Company Li(luo) - Camille Mutel

Pourtant chacun tue ce qu'il aime

Concept and choreography : Camille Mutel
Dancers: Kerem Gebelek Philippe Chosson
Dramaturgy: Thomas Schaupp
Lights: Philippe Gladieux
Scenography: Kasper Hansen
Sound design: Jean-Philippe Gross
General manger: Gildas Goujet
Choreographic assistant: Caroline Simonin
Production manager: Aurélie Martin
Administrator: Estelle Saintagne

Co-productions : CCAM — SN de Vandœuvre-lès-Nancy, Le Carreau — Scène nationale de Forbach et de l’Est mosellan, 3 bis f., Centre d’arts contemporains d’intérêt national à Aix-en-Provence, Klap maison pour la danse, Marseille, Pôle Spectacle Vivant/CA Saint-Dié-des-Vosges,
Avec le soutien à la résidence des Ateliers du Milieu Atelier de fabrique artistique
Avec l’aide à la recherche en arts du geste de la DGCA
Accueils-studio :  CCN - Ballet de l’Opéra national du Rhin délocalisé au Théâtre du marché aux grains, Bouxwiller, VIADANSE, Direction Fattoumi-Lamoureux CCN de Bourgogne Franche-Comté à Belfort, CCN - Ballet de Lorraine

Pourtant chacun tue ce qu’il aime [However each person kills the one he or she loves], is the next creation by Camille Mutel, which is part of a cycle of dances called La Place de l’autre [The other’s place]. Beginning with Not I, an intimate, minimalist solo which little by little takes a sculptural shape; this quadrilogy explores movement as something connecting us to another person. In this new duo Camille Mutel creates an autumnal piece, about the famously transitional season which sees some things die, some of which will be re-born later. She is inspired by warm colors, about the idea of what can be beautiful in loss, in the process and possibility of relief. She based her research on the fact that trying to stay alive can imply the death of other species, notably in the movements involved in having to kill in order to eat.
She did research in rural villages, meeting their inhabitants and discovering the rituals of their lives, requiring them to kill a lamb or a rabbit, those involved in flyfishing, but also in harvesting and planting. By stepping a little distance away, by transposing and adapting this movement, it becomes a choreographic act which embodies the interdependence between living systems..
Having studied the Japanese tea ceremony at great length, Camille Mutel moves her gesture as a choreographer toward that of an artist of gesture. Her current work examines the compositional process of a secular rite, how to transform an everyday gesture into an artistic one. She anchors her own project in the Vosges, her home region.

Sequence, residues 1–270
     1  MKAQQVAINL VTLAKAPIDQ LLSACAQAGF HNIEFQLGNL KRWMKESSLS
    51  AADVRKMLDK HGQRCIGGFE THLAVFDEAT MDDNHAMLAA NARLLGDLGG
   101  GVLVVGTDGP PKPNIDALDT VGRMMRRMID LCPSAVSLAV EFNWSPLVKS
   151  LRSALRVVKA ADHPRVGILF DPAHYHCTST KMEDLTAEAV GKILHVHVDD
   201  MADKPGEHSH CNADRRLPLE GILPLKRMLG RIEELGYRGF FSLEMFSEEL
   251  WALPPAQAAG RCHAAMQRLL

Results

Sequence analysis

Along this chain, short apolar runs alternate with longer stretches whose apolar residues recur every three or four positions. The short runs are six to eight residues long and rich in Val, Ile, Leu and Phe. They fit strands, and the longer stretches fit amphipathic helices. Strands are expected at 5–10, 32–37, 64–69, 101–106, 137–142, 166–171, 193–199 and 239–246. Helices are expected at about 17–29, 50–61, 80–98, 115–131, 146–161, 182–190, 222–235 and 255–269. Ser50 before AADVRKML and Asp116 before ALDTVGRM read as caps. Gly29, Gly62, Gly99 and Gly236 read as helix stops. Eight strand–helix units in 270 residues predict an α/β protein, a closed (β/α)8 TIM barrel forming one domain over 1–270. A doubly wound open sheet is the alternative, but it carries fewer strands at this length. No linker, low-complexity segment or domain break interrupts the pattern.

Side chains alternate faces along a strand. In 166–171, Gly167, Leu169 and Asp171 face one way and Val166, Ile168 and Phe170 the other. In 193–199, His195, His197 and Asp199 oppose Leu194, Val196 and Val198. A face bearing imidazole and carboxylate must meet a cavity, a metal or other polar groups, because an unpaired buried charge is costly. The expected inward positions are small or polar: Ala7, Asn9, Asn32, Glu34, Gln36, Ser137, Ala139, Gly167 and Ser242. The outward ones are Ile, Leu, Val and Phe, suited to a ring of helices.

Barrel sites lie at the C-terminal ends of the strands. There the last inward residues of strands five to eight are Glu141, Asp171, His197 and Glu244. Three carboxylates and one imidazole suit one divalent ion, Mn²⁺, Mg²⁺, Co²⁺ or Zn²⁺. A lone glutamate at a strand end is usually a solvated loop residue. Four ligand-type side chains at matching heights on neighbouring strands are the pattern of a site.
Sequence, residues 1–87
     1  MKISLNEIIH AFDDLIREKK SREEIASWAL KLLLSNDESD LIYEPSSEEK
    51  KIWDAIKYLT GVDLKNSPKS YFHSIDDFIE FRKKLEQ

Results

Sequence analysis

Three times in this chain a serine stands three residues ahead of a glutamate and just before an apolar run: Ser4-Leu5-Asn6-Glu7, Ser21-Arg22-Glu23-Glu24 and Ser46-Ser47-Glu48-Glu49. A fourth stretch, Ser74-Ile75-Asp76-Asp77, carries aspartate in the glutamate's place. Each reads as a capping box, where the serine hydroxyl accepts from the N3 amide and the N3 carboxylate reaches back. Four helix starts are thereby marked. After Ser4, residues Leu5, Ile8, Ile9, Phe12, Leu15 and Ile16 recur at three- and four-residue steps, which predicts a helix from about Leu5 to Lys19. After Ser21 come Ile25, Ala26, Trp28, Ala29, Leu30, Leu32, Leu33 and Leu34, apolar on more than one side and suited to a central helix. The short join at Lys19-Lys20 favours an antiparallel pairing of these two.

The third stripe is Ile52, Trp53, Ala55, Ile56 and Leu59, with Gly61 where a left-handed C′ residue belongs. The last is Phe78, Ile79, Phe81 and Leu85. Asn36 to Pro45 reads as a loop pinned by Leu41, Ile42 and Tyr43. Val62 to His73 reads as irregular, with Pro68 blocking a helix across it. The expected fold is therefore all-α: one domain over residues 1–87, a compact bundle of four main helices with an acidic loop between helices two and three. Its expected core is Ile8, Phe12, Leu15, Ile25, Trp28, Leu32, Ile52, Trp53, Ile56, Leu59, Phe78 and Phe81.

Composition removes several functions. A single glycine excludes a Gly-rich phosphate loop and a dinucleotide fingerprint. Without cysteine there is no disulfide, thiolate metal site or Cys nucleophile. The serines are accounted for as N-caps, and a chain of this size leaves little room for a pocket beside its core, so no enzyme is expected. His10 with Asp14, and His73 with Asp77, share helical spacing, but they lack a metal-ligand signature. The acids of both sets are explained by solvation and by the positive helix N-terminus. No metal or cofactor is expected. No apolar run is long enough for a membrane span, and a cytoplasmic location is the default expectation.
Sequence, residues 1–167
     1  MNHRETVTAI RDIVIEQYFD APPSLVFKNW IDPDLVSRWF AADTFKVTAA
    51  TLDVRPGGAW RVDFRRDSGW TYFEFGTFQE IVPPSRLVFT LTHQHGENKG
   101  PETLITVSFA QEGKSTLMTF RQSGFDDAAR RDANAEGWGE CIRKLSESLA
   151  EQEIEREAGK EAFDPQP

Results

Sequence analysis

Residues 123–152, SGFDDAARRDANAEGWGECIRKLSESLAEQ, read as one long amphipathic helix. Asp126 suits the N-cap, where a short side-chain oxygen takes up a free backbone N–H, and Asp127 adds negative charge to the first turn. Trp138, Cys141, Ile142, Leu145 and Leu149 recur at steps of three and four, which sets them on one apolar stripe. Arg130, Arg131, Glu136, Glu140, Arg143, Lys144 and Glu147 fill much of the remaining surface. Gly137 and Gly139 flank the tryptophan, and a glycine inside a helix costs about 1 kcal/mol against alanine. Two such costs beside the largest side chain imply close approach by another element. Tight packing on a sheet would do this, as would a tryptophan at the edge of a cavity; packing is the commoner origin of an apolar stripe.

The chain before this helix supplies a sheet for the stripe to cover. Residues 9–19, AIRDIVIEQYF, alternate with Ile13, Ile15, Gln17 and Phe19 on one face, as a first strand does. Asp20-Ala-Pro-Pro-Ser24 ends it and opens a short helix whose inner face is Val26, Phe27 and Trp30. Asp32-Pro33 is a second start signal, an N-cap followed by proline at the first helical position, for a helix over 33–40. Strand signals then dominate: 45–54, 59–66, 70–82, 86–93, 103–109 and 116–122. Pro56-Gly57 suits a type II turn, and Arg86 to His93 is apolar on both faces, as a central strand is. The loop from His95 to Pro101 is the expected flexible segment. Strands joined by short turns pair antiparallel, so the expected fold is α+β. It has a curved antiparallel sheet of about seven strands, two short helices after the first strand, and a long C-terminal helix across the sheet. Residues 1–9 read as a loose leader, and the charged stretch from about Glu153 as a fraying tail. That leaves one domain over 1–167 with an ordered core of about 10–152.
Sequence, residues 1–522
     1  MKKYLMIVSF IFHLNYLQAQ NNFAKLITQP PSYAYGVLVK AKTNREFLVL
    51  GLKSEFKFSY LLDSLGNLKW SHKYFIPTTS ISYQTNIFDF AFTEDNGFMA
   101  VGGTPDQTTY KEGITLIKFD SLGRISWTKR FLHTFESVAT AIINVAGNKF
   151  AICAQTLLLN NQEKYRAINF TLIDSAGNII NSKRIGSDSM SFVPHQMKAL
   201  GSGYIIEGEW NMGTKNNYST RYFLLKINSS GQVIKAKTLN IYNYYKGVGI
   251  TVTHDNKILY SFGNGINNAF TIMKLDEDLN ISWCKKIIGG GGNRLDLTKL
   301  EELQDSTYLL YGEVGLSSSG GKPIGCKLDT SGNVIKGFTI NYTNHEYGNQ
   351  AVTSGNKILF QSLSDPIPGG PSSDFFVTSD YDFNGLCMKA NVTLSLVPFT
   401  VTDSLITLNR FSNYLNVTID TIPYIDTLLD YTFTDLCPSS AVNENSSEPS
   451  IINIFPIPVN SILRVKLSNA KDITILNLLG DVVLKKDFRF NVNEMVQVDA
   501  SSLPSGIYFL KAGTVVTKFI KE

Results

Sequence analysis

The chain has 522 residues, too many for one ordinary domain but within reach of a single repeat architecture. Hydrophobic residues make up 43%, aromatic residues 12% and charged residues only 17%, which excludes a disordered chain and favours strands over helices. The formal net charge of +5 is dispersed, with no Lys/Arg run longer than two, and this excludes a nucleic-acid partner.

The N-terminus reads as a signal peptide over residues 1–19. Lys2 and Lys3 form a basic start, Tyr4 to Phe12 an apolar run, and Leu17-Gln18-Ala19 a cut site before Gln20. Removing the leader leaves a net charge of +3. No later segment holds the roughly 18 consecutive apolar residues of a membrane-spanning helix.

This project involves examining, through specific movements in the rural landscape, the link between man, animals, and food. Hunting, fishing and livestock farming trigger a number of ethical questions in current contemporary society. For several years now it has been illegal to kill a pig anywhere except in a slaughterhouse. And for various reasons, doing this sort of thing at home disturbs certain people, it is a thousand year heritage which is disappearing little by little. Camille Mutel will be encountering men and women who are still doing these sorts of actions in a rural setting. Meeting hunters, farmers, amateur and professional fishermen and women: the choreographer will attempt to elicit exchanges by attending regional events, farmers’ markets and local festivals.
Initially these meetings are meant to ascertain more clearly the issues involved in addressing the relationship involving animals, specific movements, and food.
Later on, Camille Mutel will ask certain of those she has interviewed to teach her their practice, their movements.

Camille Mutel

Initially trained in dance movement by Hervé Diasnas, Camille Mutel experienced a seminal shock at the age of 20 when watching a butoh dance performance, which triggered a radical change in her approach to the body and to movement. A few years later she could be found working with Masaki Iwana, in a critically acclaimed solo Le Sceau de Kali [The mark of Kali].
She began performing on the “alternative” circuits in France, Italy and Japan, did some striptease dancing and posed for photographers. Her principal focus became the relationship to the self and to others.

Her solo Effraction de l’Oubli [Crime of forgetting] in 2010 was a step into institutional recognition and acclaim with the company Li(luo), which she directs. Her other creations (Go, go, go said the bird — human kind cannot bear very much reality in 2015 and Not I in 2020) made it possible for her to work with a team of collaborators, connecting on a human as well as artistic level, with whom she continued to explore the radicality of her movement vocabulary. She was awarded the prestigious Hors les murs grant in 2014 from the Villa Kujoyama, and also received support from the Beaumarchais Foundation in 2019, and her national and international reputation continues to grow.